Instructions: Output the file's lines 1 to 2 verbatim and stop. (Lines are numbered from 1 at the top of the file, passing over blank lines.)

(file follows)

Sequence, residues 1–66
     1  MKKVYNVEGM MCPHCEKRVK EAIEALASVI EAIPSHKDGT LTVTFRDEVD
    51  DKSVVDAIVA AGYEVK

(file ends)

Sequence, residues 1–66
     1  MKKVYNVEGM MCPHCEKRVK EAIEALASVI EAIPSHKDGT LTVTFRDEVD